chapter12 - Chapter 12 Punishment and Sentencing CJ 101...

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1 Chapter 12 Punishment and Sentencing CJ 101 Introduction to Criminal Justice Dr. Michael Blankenship Learning Objectives the philosophical goals for criminal punishment the nature and extent of the various forms of criminal sanctions the constitutional and policy debates concerning the application of capital punishment debates about who receives the harshest punishment Goals of Punishment Four traditional goals of punishment: Retribution Deterrence Incapacitation Rehabilitation
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2 Retribution Punishment in proportion to the harm caused by the offender Not the same as revenge Backward looking “Eye for an eye?” Deterrence Forward looking Most of us don’t need deterring Two kinds specific general Elements (based on Classical School) swiftness certainty severity Research Difficult to measure what does not happen Incapacitation Forward looking Problem with balancing punishment – how long should the sentence be? Many forms including prison warehousing inmates? Selective incapacitation relatively small number of criminals commit disproportionate number of offenses the problem is correctly identifying career criminals
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3 Rehabilitation Forward looking Popular during 2/3 of last century medical model indeterminate prison sentence Current research treatment more effective than “warehousing” inmates Restorative Justice Is retributive justice effective? Other option restorative justice Primary aim is to repair harm victim community offender Criminal Sanctions Lots of options (depending on the crime and the offender) probation intermediate sanctions incarceration death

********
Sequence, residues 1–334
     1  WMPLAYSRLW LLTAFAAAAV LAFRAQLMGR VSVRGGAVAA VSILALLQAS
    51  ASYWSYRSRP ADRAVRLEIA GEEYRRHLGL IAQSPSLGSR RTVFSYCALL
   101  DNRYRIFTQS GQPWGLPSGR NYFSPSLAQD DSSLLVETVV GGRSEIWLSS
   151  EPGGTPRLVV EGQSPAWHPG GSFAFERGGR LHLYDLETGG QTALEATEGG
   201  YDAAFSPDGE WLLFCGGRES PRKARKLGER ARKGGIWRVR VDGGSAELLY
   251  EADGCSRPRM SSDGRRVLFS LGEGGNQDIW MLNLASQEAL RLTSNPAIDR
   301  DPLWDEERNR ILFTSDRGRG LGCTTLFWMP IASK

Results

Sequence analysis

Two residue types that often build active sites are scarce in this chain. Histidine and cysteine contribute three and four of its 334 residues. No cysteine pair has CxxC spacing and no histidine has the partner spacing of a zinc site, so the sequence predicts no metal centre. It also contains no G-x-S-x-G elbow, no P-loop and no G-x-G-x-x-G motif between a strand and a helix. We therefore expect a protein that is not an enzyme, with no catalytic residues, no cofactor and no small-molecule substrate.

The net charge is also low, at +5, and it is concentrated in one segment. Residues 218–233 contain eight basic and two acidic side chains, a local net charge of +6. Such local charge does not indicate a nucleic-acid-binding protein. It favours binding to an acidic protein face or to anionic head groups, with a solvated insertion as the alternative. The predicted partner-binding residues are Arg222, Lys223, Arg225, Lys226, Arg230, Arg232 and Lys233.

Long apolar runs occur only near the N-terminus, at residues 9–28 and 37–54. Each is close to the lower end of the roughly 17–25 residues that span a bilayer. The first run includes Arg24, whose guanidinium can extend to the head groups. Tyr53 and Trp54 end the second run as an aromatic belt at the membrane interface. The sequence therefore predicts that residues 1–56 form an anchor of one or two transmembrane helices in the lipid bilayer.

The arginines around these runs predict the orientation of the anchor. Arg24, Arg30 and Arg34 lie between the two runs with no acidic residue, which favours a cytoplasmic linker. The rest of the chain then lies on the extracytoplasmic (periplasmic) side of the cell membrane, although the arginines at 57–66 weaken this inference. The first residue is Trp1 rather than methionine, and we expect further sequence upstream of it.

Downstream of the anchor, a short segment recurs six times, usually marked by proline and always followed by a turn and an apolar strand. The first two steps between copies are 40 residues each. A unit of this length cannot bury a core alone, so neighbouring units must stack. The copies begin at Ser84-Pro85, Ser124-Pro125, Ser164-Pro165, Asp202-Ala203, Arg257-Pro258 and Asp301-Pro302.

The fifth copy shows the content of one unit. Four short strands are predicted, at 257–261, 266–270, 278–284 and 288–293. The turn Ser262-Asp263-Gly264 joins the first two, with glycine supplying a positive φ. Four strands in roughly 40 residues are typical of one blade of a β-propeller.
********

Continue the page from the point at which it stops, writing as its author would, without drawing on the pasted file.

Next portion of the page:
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4 Basic Sentencing Strategies (Models) different types of sentencing strategies Indeterminate sentences
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This note was uploaded on 09/05/2011 for the course CJ 101 taught by Professor Wormer during the Spring '09 term at Boise State.

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chapter12 - Chapter 12 Punishment and Sentencing CJ 101...

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